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[casi] On PUK intentions...

Dear List,

I hope the following article will show what the real
intentions of the PUK really are. It will also explain
why I understood the concept of "occupation" in the
way I did.

Isn't it now clear that whole issue of Kirkuk being
"Kurdish" revolves around oil, which is not Talabani's
alone to give to foreign companies?

Talabani is not only replacing Arab "occupation" by US
"occupation" (to use Alaxender's terms, or rather the
real autor's terms), he is now giving away Iraq's
national oil wealth to foreign companies 31 years
after it managed to rescue it from the hands of the
same companies.

Now the real objectives of the war are becoming more
and more apparent. And the real reasons for Talabani's
opposition to Saddam's regime are also clear. But we
are still being misled to believe that the issue is
about right and wrong; about Kurdish rights and about
morality. This doesn't leave any doubt about the real
face of Talabani, no matter what his apologists try to
tell us.


Kurds go it alone with international oil deals
Local authorities ignore US administration and seek to
lure major companies with generous contracts

Andrew Buncombe in Washington
18 May 2003

Kurdish authorities in northern Iraq are offering
hugely lucrative oil deals to European and American
companies without consulting either the US
administration in Baghdad or any other Iraqi groups.
The move threatens to raise new problems over the
future ownership of Iraq's vast oil reserves.

The Patriotic Union of Kurdistan (PUK), which controls
the Sulaymaniyah region as part of the regional
government of Kurdish Iraq, has in recent weeks
started seeking investment from international
companies interested in oil exploration and

While most companies appear wary of getting involved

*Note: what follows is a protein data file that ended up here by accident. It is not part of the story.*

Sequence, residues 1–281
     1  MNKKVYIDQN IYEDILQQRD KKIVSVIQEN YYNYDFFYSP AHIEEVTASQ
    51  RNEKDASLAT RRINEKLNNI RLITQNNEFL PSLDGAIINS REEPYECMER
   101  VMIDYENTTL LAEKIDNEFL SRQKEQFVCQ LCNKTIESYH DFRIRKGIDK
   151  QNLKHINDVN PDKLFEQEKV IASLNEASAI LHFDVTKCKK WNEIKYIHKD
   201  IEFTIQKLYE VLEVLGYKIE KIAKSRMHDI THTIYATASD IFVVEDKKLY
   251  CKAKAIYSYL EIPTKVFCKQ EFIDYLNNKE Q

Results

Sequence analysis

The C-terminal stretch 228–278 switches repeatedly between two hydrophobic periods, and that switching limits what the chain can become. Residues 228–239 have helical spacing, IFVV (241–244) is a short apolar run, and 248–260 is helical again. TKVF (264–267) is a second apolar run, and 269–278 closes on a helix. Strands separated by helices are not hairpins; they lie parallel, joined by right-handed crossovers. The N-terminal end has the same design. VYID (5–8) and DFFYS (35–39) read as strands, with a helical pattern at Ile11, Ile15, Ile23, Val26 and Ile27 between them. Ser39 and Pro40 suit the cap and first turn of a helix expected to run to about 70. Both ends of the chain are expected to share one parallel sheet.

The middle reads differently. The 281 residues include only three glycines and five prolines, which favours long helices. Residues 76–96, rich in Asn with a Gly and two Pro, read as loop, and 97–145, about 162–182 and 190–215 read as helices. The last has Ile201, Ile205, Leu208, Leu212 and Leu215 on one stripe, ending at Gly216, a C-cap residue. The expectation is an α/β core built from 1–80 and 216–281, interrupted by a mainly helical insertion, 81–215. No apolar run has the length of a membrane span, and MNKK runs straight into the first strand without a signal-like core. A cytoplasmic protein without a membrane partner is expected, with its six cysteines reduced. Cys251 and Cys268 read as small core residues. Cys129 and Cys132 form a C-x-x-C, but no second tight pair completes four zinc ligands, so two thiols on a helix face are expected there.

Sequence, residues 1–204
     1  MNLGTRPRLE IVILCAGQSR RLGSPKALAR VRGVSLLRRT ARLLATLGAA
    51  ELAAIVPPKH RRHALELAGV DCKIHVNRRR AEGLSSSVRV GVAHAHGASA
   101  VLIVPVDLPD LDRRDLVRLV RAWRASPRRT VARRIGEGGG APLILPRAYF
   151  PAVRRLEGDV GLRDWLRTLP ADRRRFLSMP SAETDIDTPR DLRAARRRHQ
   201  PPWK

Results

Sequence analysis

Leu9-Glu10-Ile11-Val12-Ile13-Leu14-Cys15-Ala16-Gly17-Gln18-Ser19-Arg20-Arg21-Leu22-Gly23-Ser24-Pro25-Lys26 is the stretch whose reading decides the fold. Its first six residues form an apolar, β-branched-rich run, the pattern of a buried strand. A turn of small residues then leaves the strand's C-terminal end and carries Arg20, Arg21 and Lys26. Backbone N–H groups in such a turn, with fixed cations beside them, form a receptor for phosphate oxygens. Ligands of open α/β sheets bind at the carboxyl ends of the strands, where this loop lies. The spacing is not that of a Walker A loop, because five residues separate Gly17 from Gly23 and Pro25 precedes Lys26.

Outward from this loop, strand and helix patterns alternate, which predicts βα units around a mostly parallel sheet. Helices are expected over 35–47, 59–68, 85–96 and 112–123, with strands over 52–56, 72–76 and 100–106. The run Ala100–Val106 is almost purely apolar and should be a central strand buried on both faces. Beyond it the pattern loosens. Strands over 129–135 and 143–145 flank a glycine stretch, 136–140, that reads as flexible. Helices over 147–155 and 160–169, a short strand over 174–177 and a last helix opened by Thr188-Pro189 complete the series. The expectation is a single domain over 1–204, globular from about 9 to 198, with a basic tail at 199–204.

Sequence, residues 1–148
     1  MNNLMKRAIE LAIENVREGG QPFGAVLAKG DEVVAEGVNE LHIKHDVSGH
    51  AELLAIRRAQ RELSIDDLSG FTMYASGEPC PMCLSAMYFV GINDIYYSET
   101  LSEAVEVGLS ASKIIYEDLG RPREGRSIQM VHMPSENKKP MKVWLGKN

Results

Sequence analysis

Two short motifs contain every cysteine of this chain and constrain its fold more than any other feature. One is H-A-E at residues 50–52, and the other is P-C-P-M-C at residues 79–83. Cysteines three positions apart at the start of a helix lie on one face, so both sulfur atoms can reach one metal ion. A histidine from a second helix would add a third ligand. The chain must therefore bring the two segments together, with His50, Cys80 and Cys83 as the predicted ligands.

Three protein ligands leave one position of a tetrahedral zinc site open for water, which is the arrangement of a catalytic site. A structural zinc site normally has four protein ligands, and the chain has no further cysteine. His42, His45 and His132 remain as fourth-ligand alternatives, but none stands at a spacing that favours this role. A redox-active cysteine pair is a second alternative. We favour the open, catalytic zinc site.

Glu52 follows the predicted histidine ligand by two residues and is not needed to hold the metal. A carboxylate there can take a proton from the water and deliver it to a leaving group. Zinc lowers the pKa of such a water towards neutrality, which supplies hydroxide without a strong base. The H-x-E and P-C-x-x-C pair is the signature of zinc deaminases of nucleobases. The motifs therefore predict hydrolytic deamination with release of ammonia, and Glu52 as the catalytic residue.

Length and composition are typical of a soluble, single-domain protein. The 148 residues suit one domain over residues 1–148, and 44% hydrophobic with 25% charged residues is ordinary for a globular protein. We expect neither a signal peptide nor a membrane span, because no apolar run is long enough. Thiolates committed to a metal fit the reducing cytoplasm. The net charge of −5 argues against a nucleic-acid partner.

in deals with the regional authorities in the absence
of a settled  and internationally approved 
government in Baghdad, the proposed deals represent a
challenge to the US-led occupying force. Some have
even suggested the proposals may be an effort by the
PUK to present any new government in Baghdad with a
fait accompli.

Samples of the proposed "production-sharing
agreements" seen by The Independent on Sunday reveal
that the PUK authorities are offering investors an
attractive deal. The initial share of profits would be
split 60:40 in favour of the oil company, dropping to
around 50:50 once a specified level of production is
reached. "They are extremely favourable terms," said
Gordon Barrows, of the Barrows Company, a US-based
publisher of international oil laws and contracts and
the company that obtained the contract.

The future of Iraq's oil reserves, which some
predictions place at up to 112 billion barrels with
more to come, is one of the most contentious issues
facing the US and Britain as they seek to rebuild Iraq
in the aftermath of the ousting of Saddam Hussein.
While both Washington and London denied that oil was a
factor in their decision to go to war, many of their
critics, including most Iraqis, believe that a wish to
secure the world's second largest supplies played a
large part in shaping the decision to opt for military
action. Washington is keen to use Iraq's oil wealth to
at least partly pay for the country's rebuilding.

There are few major companies that would not wish to
secure deals to develop Iraq's oil reserves, and Mr
Barrows said he believed the PUK had proposed the
deals to most major firms. Britain's two largest
companies, BP and Royal Dutch Shell, have both
expressed an interest in doing deals when a government
has been established in Baghdad.

"We have always said we would be interested in the
prospect of investing in Iraq, but that would be when
there is a stable, long-term administration there,"
said David Nicholas, a spokesman for BP. Both he and a
spokesman for Shell denied that they had been in talks
with the PUK.

For its part, the PUK admits that it has been offering
the deals. It started sounding out interest last July
for production in the Taqtaq area north of Kirkuk, but
found no takers. Since the US-led occupation of Iraq
the PUK has been offering the deals once again, hoping
to increase production in the area, which some sources
suggest is only producing 5,000 barrels a day.

Mohammed Ismail, director of the PUK's office in
Washington, said: "It is true [that we are offering
contracts]. I don't know the names of the companies

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